In a world where, as John Schlesinger, chief enterprise architect at Temenos, argues, servers are about to stop getting cheaper, the advantages of cloud computing in terms of cost and customer experience look more compelling than ever. In the banking market, however, the spread of cloud systems has been slower than elsewhere due to factors including concern about data security, uncertainty about the position regulators will take on cloud technologies and the challenge of managing migration from the in-house, legacy IT systems that currently run banks’ critical functions.
While the data centre of old played host to an array of physical technologies, the data centre of today and of the future is based on virtualisation, public or private clouds, containers, converged servers, and other forms of software-defined solutions. Eighty percent of workloads are now virtualised with most companies using heterogeneous environments.
The statistics predicting what the Internet of Things (IoT) will look like and when it will take shape vary widely. Whether you believe there will be 25 billion or 50 billion Internet-enabled devices by 2050, there will certainly be far more devices than there are today. Forrester has predicted 82% of companies will be using Internet of Things (IoT) applications by 2017. But unless CIOs pay close attention to the economics of the datacentre, they will struggle to be successful. The sheer volume of data we expect to manage across these IoT infrastructures could paralyse companies and their investments in technology.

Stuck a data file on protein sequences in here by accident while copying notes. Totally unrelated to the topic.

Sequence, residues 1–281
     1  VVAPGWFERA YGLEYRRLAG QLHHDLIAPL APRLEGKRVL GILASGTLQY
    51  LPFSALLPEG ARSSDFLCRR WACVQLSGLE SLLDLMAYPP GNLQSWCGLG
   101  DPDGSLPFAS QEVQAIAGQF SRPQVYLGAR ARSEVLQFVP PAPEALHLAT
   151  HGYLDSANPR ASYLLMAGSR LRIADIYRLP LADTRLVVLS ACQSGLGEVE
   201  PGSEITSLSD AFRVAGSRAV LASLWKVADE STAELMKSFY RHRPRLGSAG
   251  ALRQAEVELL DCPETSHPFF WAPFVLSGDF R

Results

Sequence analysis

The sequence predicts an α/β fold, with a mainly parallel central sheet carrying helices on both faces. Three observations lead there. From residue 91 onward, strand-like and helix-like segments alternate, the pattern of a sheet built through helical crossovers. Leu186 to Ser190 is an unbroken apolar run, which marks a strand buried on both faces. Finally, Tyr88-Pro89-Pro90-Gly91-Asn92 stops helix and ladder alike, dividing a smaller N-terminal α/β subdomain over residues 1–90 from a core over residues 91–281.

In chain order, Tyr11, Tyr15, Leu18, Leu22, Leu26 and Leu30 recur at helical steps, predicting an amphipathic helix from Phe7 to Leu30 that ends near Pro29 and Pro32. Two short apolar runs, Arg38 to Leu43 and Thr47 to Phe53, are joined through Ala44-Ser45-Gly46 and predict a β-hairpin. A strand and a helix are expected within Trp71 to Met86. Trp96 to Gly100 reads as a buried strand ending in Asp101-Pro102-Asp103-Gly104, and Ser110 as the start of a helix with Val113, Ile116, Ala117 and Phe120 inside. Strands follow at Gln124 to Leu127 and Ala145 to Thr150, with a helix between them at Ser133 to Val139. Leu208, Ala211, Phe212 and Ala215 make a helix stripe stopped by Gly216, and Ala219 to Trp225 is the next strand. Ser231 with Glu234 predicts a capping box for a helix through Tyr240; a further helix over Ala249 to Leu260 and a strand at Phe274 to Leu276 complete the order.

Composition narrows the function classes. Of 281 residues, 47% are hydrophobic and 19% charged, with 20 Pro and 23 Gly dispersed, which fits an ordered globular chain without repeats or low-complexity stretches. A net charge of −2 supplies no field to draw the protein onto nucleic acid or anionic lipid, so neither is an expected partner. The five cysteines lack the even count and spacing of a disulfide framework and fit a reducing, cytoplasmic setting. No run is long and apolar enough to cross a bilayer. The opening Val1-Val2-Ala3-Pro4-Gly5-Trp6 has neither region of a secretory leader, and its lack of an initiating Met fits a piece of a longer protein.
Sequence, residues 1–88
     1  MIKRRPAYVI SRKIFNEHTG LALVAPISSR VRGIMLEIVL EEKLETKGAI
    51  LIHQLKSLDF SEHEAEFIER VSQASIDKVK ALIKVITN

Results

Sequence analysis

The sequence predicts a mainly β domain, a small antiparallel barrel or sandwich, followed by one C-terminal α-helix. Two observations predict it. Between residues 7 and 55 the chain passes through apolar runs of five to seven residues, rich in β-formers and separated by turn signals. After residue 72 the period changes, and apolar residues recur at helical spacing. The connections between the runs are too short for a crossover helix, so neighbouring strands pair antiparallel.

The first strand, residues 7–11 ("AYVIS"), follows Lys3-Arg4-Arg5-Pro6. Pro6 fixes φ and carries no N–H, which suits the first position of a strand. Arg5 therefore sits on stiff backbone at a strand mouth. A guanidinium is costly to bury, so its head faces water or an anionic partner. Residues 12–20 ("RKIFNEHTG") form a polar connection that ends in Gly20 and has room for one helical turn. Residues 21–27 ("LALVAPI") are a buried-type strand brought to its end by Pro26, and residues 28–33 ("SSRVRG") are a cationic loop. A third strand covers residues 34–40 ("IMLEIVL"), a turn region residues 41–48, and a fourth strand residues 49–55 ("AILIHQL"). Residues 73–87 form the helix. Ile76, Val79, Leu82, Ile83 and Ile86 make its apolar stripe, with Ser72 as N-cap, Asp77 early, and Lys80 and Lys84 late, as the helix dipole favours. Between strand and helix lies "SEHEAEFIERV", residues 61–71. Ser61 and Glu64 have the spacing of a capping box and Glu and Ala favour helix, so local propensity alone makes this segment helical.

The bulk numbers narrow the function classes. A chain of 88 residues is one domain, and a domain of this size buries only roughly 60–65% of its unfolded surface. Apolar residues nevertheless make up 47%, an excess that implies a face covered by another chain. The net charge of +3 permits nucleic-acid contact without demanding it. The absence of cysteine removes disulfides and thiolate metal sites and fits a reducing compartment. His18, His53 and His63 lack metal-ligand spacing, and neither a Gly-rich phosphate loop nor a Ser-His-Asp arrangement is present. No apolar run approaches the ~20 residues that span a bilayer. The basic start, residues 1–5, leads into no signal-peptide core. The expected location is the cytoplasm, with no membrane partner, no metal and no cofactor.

I’ve been playing somewhat of a game over recent months. It’s a fun game for all the family and might be called “Guess my job”. It’s simple to play. All you need to do is ask someone the question; “What is a hybrid cloud?” then based upon their answer you make your choice. Having been playing this for a while I’m now pretty good at being able to predict their viewpoint from their job role or vice versa.
The recent fire in Holborn highlighted an important lesson in business continuity and disaster recovery (BC/DR) planning: when a prompt evacuation is necessary ‒ whether because of a fire, flood or other disaster ‒ you need to be able to relocate operations without advance notice.
Thanks to G-Cloud, the once stagnant public sector IT marketplace that was dominated by a small number of large incumbent providers, is thriving. More and more SMEs are listing their assured cloud services on the framework, which is driving further competition and forcing down costs for public sector organisations, ultimately benefitting each and every UK tax payer. But the programme still needs work.
The long rumoured Project Brillo, Google’s answer to the Internet of Things, was finally unveiled this week at the company’s annual I/O conference, and while the project shows promise it comes at time when device manufacturers and developers are increasingly being forced to choose between IoT ecosystems. Contrary to Google’s stated aims, Brillo could – for the same reason – hinder interoperability and choice in IoT rather than facilitate it.
The last year has shown that a growing number of enterprises are now choosing Platform as a Service (PaaS) ahead of Infrastructure as a Service (IaaS) as the cornerstone of their private/hybrid cloud strategy. While the enterprise cloud market has obviously experienced a substantial amount of change over the last year, the one thing that’s certain is that this will keep on accelerating over the coming months.
With cloud acceptance growing, more and more businesses are dipping their toes in the water and trying out cloud based services and applications in a bid to work smarter and lower IT expenditure. But with recent research suggesting that four in ten ICT decision-makers feel their deployment fails to live up to the hype – more needs to be done to ensure cloud migration is a success.
A year after it was published, ISO 27018 – the first international standard focusing on the protection of personal data in the public cloud – continues, unobtrusively and out of the spotlight, to move centre stage as the battle for cloud pre-eminence heats up.